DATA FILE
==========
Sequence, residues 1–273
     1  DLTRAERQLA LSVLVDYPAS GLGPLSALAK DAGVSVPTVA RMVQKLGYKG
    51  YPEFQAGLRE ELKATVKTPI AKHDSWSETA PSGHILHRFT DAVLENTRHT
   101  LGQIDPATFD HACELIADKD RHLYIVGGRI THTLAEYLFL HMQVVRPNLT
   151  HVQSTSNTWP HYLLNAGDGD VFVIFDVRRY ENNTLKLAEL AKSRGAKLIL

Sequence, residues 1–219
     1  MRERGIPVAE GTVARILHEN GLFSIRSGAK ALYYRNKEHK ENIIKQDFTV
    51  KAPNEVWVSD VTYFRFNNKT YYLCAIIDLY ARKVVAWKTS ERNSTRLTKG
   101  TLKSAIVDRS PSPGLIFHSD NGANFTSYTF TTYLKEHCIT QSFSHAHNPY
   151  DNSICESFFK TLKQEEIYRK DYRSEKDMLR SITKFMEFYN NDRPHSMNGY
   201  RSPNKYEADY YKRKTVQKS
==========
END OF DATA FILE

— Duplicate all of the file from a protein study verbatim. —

Sequence, residues 1–273
     1  DLTRAERQLA LSVLVDYPAS GLGPLSALAK DAGVSVPTVA RMVQKLGYKG
    51  YPEFQAGLRE ELKATVKTPI AKHDSWSETA PSGHILHRFT DAVLENTRHT
   101  LGQIDPATFD HACELIADKD RHLYIVGGRI THTLAEYLFL HMQVVRPNLT
   151  HVQSTSNTWP HYLLNAGDGD VFVIFDVRRY ENNTLKLAEL AKSRGAKLIL

Sequence, residues 1–219
     1  MRERGIPVAE GTVARILHEN GLFSIRSGAK ALYYRNKEHK ENIIKQDFTV
    51  KAPNEVWVSD VTYFRFNNKT YYLCAIIDLY ARKVVAWKTS ERNSTRLTKG
   101  TLKSAIVDRS PSPGLIFHSD NGANFTSYTF TTYLKEHCIT QSFSHAHNPY
   151  DNSICESFFK TLKQEEIYRK DYRSEKDMLR SITKFMEFYN NDRPHSMNGY
   201  RSPNKYEADY YKRKTVQKS